Directed by Larry Cohen
Distributed by The Scream Factory
Although his name might not be as well-known as Roger Corman – the king of low-budget genre productions – auteur Larry Cohen deserves every bit as much respect for his endless gumption and total devotion to making the most out of his features. His ability to work on-the-fly and under the gun is exactly the reason why his film Q: The Winged Serpent (1982) exists today. Cohen, who had just been fired from a low-budget production shooting in New York City, didn’t want to waste the room he’d paid for during the production, so instead he hired some actors and banged out the script that would become Q in a mere six days. The conceit for this tale of a modern-day Aztec beast-god nesting in the art-deco spire of the Chrysler Building came when Cohen looked up at the skyline and said to himself, “That’d be the coolest place to have a nest.” Inspiration can come from anywhere when you’re in the Big City.
New Yorkers are losing their heads, literally. Reports of a gargantuan winged creature terrorizing rooftops have the NYPD on high alert, but they just can’t seem to spot the damn thing. Meanwhile, across town, small time crook (and wannabe jazz pianist) Jimmy Quinn (played by Cohen crony Michael Moriarty) is an unwilling participant in a diamond heist (at a store called… wait for it… Neil Diamonds). It goes poorly, leaving Jimmy to run for his freedom all the way up to the top of the Chrysler Building where he finds a huge nest housing the largest cinematic egg since Mothra gave birth. Quinn decides that maybe now would be a good time to give up his life of crime and try going straight for once, but when a couple of his associates come looking for the diamonds he lies and claims they’re hidden at the top of the Chrysler Building. Sure enough, both men leave the rooftop minus a head. Thinking this is his big ticket, Jimmy figures he can use his knowledge of the nest’s location as a bargaining chip with the police, exchanging what he knows for a full pardon on all his crimes in addition to a cool $1 million cash. The way he sees it, this city owes him. Who cares if there’s an ancient behemoth eating residents, all while a mysterious man in a bejeweled mask is making willing human sacrifices to appease the beast?
Cohen started off writing detective dramas, a fact which is evident in many of his films since they almost always feature a subplot involving police procedures. While the film is ostensibly sold as a monster-run-amok tale, the fact is that virtually every big creature feature needs a compelling story to work within. Now, I’ll be the first to admit that Michael Moriarty isn’t exactly the most charismatic leading man, but it’s clear that he has a strong desire to imbue his parts with enough of his quirky charm and dogged resilience that they’re at least memorable. Jimmy Quinn is a lifetime loser; a petty crook with no luck who overlooks the one stable, good thing in his life: his girlfriend, Joan, played (rather terribly) by Candy Clark. He’s so accustomed to being broken down and spat out that once he gets a small amount of power it completely goes to his head. Moriarty’s performance ends up being the film’s highlight, mainly because our eponymous creature is a little less than spectacular when finally revealed.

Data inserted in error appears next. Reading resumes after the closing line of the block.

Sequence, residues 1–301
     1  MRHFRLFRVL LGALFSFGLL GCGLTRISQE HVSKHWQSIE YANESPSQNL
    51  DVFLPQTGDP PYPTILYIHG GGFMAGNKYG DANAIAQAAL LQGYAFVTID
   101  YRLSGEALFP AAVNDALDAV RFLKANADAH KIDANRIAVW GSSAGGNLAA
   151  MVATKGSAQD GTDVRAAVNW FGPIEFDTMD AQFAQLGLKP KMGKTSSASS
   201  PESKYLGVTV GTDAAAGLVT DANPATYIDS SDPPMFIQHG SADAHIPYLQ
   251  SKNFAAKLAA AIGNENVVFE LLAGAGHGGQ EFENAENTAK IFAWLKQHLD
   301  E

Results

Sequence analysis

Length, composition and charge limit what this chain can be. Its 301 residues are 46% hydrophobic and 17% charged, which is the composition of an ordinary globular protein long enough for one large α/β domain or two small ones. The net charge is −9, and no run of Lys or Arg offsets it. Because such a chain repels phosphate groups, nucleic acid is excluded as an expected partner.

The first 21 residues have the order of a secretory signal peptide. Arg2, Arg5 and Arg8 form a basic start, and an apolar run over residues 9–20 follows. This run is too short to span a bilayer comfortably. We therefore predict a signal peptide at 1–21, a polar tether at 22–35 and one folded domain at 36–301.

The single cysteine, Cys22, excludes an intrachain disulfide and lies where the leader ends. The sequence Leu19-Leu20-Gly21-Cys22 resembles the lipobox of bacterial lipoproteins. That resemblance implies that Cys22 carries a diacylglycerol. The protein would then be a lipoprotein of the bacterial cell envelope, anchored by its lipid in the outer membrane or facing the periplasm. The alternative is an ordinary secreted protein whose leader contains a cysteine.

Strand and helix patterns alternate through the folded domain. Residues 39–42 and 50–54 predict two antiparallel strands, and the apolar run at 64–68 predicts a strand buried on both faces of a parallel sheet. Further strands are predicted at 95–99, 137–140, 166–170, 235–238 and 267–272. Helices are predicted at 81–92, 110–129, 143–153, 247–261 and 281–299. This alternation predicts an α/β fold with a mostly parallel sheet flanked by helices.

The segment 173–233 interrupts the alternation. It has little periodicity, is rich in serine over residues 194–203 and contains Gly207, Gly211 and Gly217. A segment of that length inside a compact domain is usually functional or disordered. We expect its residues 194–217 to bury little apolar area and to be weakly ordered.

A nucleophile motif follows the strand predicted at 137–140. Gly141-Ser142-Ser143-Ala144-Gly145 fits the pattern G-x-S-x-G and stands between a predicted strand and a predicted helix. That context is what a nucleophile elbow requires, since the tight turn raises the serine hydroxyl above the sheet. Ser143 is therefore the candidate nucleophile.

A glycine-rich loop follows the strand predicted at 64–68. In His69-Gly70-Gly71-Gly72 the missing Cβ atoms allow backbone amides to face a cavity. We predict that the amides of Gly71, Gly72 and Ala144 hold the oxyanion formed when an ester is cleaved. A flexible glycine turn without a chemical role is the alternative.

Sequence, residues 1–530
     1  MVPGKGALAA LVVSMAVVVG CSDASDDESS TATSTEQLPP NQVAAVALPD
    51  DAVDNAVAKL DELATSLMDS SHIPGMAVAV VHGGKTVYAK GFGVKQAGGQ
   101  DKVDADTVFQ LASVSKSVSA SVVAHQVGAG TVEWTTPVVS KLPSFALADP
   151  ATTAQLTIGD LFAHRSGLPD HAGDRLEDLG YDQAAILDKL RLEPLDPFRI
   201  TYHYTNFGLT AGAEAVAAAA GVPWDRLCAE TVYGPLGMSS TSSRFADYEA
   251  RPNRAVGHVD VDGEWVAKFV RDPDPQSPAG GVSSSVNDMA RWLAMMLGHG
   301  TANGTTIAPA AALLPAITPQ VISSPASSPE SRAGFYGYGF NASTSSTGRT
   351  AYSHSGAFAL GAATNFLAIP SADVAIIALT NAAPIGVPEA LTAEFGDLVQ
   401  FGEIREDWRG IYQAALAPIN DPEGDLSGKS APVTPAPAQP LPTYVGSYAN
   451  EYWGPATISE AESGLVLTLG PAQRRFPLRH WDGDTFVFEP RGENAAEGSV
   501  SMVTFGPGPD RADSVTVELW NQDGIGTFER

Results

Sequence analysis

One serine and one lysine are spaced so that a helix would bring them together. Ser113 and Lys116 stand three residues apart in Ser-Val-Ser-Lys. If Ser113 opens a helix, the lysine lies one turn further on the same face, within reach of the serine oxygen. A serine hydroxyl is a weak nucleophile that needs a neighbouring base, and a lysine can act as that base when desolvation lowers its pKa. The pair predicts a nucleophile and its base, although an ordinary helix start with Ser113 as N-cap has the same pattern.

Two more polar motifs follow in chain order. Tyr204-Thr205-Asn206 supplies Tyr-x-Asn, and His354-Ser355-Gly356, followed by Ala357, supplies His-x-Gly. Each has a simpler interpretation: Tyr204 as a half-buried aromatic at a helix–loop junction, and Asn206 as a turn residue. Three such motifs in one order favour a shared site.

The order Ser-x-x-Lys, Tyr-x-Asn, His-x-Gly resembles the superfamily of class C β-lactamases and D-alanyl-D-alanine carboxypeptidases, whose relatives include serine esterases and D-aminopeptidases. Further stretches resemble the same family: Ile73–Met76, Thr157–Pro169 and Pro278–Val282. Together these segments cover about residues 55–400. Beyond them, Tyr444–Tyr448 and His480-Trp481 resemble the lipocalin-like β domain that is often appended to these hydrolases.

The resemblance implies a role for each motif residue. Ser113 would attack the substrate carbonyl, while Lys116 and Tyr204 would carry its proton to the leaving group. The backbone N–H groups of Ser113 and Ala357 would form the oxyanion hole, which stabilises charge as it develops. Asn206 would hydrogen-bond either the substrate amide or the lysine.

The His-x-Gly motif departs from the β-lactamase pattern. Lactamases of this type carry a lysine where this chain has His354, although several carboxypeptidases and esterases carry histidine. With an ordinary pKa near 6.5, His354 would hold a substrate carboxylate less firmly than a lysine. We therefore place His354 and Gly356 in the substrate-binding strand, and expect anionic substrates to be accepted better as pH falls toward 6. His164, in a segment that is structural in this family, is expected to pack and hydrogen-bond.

Q had a stellar poster design. I can still vividly recall seeing the VHS cover art many times as a kid and thinking that it looked impossibly awesome. Emphasize impossible because this is another case of the poster setting such high expectations that they would be hopeless to match on screen. It also doesn’t help when you hire one of the foremost fantasy artists of all-time, the masterful Boris Vallejo, the design your one sheet. Quetzalcoatl looks a lot like a plucked turkey, soaring through the skyline of the Big Apple. The design isn’t necessarily terrible, but compared to the beast the cover implies you’re getting… it just doesn’t even come close. Thankfully, since this is 1982, viewers can enjoy seeing Q brought to life via stop-motion animation. The work done here is impressive for a low-budget production, and Q moves through the air almost seamlessly. Large feathered claws were crafted for scenes where lounging New Yorkers are pulled from rooftops before being torn apart, although their employment usually ends up looking like someone is playing with a giant arcade claw machine attempting to win a prize.